Linux is by far the software most commonly associated with (and often mis-identified with) open source and free software, where free refers to liberty, not costs. However the access to source code, ability to modify or redistribute, or the royalty-free nature of Linux are hardly the reasons why four out of five handset OEMs have adopted Linux. In other words, mobile Linux has not been adopted because of its free software qualities.
In 2007, handset OEMs have adopted Linux to varying degrees, from Motorola s portfolio-wide Linux strategy to Nokia s Internet Tablets segment-specific strategic experiment with Linux. The reasons behind the almost-unanimous OEM turn towards Linux are as follows:
– Reduced cost and time-to-market. The availability of a stable, high portable Linux kernel, hundreds of supporting royalty-free middleware components, thousands of Linux developer enthusiasts and a growing number of commercial mobile Linux software and service providers mean that mobile Linux is an effective operating system for mobile handsets, both in terms of time-to-market and cost of development. According to Nokia, one of the most successful corporate entities in working with open source, “Linux is the launching pad you need to stand on to be productive .. we have never managed to bring out a product in such a short time, with so few resources .
– Wider choice: handset manufacturers have considerable freedom in selecting the middleware components of choice whether from open source communities, or in some cases from closed-source commercial components. A healthy exists in Linux-based software components such as graphics frameworks (e.g GTK+, Qt Core, FluffyPants), application environments (e.g. Qtopia, Hiker, Hildon, OpenMoko, SKY-MAP), multimedia frameworks, PIM middleware, file systems and telephony APIs.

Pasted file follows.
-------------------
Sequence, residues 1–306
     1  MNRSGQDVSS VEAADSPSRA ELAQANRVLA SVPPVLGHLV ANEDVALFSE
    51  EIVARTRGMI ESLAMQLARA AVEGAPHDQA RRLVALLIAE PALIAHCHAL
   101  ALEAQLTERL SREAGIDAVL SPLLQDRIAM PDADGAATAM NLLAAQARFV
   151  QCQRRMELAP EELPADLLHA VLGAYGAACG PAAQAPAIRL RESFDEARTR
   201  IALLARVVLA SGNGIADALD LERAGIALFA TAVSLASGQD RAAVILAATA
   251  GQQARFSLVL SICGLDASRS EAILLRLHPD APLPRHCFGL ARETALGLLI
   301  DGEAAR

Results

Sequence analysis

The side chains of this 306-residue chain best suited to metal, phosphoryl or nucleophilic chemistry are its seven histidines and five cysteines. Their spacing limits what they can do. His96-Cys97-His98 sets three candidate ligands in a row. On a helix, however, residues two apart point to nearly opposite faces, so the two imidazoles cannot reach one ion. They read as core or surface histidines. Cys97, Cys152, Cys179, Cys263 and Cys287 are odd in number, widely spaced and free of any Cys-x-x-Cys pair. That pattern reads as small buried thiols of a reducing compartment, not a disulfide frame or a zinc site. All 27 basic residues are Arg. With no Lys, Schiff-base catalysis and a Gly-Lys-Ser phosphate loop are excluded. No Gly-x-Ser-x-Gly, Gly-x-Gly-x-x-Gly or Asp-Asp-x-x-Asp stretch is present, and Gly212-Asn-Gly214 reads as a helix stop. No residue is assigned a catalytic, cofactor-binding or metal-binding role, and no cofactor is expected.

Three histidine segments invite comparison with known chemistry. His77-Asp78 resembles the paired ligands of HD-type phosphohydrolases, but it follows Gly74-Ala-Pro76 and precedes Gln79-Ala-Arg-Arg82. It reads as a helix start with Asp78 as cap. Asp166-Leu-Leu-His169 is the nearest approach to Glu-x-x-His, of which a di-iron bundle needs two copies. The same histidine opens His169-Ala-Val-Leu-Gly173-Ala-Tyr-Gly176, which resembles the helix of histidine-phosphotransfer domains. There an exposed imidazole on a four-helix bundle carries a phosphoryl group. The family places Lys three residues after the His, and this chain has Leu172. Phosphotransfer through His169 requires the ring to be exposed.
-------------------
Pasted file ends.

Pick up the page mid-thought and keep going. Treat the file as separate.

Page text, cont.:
– Strategic control: Linux-based operating systems afford manufacturers almost as much control of the platform roadmap as their in-house OSes. Manufacturers are much less dependent on a single software supplier, effectively lowering the cost of switching suppliers, an important strategic consideration. Furthermore, manufacturers are able to steer platform development of their own Linux OS variant in any direction they wish.
– Scalability: The Linux kernel has evolved over the years, to one of the most scalable and reliable operating systems, powering commercial mobile devices from low-end single-core feature phones to high-end smartphones. Manufacturers may easily trim unnecessary features or add high-end features such as USB support and VoIP protocols which are widely available for Linux distributions for PCs.
– Quality: Peer-review of popular Linux-based open source software provides for fewer software defects ( bugs ). Both Nokia and Panasonic report that Linux-based software for mobile handsets has a high quality and very few bugs, compared to typical in-house software
– Innovation: The open, decentralised nature of Linux backed by strong developer communities, makes Linux-based operating systems a good choice for cultivating innovation. Chances are, a component will be already available somewhere in the Linux community ecosystem and can be adapted to a mobile Linux OS.
[Want to learn more about open source and its impact on the mobile industry? Register for the pre-workshop ‘A Crash Course in Mobile Open Source: Economics, Licensing, Linux, Java and Beyond’ (see here for workshop agenda) delivered by VisionMobile as part of Informa’s Open Source In Mobile conference taking place in Madrid on 17-20 September. Next on this series: How open source is shaking up the mobile browser market.]